Main Themes from the 2003 IA Summit

Main Themes from the 2003 IA Summit

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In: Columns > IAnything Goes

By Jeff Lash

Published on April 17, 2003

At the 2003 annual Information Architecture Summit, information architects and related practitioners and educators from around the world converged on Portland, Oregon, for over two days of knowledge sharing and discussion. Rather than a full report on all of the sessions (which is available at Boxes and Arrows; see resources below), here is a discussion of several important themes and issues that were raised. Many of these points were not explicitly expressed by presenters but came up in after-hours discussions and conversations. This is not intended to be an exhaustive list of all topics of conversation, merely a peek into some important topics of discussion for those who did not attend.

Design for maintainability

Stuart Brand, whose book How Buildings Learn: What Happens After They’re Built is a common listing on Web-related reading lists, delivered the keynote, which focused on maintainability and sustainability. Though Brand’s experience is mainly with physical architecture, his works show many analogies for Web sites and computer systems.

Information architecture is usually focused on getting a system to development or launch, but Web sites, like buildings, need to be maintained, and will change over time. The design of a successful information architecture must allow for more than just scalability, it must also assume that change is inevitable and anticipate future changes before launch. Planning and forecasting can help develop scenarios, features, and designs that will ensure that a site can be maintained and will hold up over time.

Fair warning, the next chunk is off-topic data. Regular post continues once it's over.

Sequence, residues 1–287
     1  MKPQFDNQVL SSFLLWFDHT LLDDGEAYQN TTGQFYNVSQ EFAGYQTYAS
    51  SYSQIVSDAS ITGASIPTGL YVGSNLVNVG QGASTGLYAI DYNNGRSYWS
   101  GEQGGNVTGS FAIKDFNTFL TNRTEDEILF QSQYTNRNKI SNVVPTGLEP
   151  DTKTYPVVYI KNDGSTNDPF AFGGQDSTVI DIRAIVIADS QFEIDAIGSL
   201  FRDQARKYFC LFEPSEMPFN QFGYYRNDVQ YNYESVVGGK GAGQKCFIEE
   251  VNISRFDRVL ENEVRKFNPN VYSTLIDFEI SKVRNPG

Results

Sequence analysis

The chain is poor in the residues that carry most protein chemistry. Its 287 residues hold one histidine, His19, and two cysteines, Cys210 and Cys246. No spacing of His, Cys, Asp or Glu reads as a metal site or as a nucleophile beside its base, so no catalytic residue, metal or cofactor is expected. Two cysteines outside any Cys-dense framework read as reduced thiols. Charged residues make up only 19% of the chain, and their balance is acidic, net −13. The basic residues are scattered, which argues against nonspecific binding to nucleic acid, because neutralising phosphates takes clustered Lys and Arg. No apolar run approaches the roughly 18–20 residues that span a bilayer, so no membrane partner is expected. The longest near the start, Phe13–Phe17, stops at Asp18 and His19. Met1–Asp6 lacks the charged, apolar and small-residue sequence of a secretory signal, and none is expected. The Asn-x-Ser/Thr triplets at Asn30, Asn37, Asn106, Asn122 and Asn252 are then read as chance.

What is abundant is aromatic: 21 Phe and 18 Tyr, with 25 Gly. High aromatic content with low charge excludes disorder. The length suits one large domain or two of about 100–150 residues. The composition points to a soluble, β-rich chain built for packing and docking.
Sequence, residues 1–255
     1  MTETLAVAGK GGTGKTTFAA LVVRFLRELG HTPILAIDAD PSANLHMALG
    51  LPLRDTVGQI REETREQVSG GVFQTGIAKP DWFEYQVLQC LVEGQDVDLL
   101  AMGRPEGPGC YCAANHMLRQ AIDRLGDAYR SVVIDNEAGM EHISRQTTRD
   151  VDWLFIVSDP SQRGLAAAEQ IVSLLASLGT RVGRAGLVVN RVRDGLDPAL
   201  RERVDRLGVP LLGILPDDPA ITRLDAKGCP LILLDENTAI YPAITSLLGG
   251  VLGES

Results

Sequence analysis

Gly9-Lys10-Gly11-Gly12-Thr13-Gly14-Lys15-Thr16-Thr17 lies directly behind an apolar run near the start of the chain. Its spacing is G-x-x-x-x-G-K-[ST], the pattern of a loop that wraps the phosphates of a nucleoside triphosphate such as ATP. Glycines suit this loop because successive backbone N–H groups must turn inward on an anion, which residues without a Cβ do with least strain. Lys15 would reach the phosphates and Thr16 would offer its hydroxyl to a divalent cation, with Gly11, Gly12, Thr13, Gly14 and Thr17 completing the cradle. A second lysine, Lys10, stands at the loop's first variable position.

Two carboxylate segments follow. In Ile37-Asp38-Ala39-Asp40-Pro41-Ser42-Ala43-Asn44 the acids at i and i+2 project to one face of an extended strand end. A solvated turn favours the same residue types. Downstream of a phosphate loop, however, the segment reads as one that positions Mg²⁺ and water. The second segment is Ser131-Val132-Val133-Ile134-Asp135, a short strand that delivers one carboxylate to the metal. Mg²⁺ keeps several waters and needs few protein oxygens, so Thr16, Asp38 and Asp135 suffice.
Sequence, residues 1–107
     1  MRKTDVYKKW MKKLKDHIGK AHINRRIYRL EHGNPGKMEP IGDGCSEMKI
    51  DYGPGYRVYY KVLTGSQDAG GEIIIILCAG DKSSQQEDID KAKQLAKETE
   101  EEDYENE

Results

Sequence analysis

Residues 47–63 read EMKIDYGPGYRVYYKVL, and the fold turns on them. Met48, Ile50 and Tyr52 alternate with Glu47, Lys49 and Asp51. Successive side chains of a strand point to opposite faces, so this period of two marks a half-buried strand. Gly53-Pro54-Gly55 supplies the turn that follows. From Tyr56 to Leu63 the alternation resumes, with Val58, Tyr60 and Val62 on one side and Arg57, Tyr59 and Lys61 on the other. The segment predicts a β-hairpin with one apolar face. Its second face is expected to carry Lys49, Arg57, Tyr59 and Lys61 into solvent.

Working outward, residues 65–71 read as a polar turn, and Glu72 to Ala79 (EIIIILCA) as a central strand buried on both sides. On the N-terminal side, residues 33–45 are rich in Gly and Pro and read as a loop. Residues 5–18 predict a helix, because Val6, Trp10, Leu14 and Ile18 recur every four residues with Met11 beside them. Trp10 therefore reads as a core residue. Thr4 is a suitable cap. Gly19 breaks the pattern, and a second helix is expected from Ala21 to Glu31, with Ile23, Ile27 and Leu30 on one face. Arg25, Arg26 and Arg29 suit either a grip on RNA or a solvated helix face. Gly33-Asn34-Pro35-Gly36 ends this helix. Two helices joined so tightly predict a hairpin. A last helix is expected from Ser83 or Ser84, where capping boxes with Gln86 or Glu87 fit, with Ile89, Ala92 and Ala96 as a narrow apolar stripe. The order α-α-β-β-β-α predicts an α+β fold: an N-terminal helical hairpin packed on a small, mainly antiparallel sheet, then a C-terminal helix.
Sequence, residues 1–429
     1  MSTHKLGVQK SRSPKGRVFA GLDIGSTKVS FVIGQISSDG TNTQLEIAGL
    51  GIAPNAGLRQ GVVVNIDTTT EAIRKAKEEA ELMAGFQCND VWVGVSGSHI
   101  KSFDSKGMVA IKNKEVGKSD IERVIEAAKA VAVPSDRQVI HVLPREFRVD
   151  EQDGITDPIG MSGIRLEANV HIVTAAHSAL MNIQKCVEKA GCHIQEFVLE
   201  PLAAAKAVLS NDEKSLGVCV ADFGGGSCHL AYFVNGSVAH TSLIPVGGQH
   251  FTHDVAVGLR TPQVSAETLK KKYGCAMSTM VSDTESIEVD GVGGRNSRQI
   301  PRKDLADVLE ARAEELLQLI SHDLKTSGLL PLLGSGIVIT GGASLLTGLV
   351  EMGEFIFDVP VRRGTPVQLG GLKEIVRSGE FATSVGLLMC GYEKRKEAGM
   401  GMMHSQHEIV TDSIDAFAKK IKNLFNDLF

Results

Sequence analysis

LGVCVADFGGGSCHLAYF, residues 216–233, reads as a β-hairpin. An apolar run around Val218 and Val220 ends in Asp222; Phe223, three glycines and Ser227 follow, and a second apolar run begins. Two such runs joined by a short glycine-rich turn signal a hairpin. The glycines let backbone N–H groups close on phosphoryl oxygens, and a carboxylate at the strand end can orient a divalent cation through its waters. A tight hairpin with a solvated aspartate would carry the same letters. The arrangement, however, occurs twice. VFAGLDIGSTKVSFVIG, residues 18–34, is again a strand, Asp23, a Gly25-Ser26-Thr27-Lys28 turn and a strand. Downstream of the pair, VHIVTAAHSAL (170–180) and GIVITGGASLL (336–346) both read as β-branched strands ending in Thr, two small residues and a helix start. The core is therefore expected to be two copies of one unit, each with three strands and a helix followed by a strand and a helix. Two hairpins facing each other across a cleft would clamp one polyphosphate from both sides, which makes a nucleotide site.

It is all too common to “design for the deliverable,” meaning to produce something that is attractive and beneficial for design but rather useless after launch. Information architecture needs to design for continual design by not focusing on the deliverable or launched site as the end of the line. Deliverables can be used to document the design and functionality of a system, so that they may be used for maintenance and expansion. Deliverables should be a means to the end during initial design, but can be invaluable as blueprints for future enhancements.

In the early days of the Web, a site was built and not touched until it came to redesign a year or two later, but now, more sites are designed and maintained by internal groups, with a staff dedicated to upkeep and expansion. Deliverables and documentation created pre-launch, whether in-house or by an outside firm, should be able to assist in future updates or changes.

At the same time—with budget cutbacks, changes in strategy, and reallocation of resources—planned updates for many sites are not happening. Rushed deadlines cause developers to say “we’ll fix it after launch,” yet never get the chance to do just that. Those responsible for information architecture need to plan for updating, but also plan for never updating. Scenario planning should take into account all possibilities, including no budget for maintenance, delegation being passed on to those with different technical skill sets, and updates being performed by an entirely different set of people than those who built the original system. Hopefully the site or application will be updated, but it should be designed appropriately so that it may live on if it is not.


One of the most controversial sessions was a panel discussion on navigation and wayfinding in digital spaces. When a site is being built, inevitably there is substantial discussion about the navigation systems.

  • Should we use tabs?
  • What about fly-out menus?
  • What’s better – having the navigation on the left or the right?
  • How many levels of navigation is the best?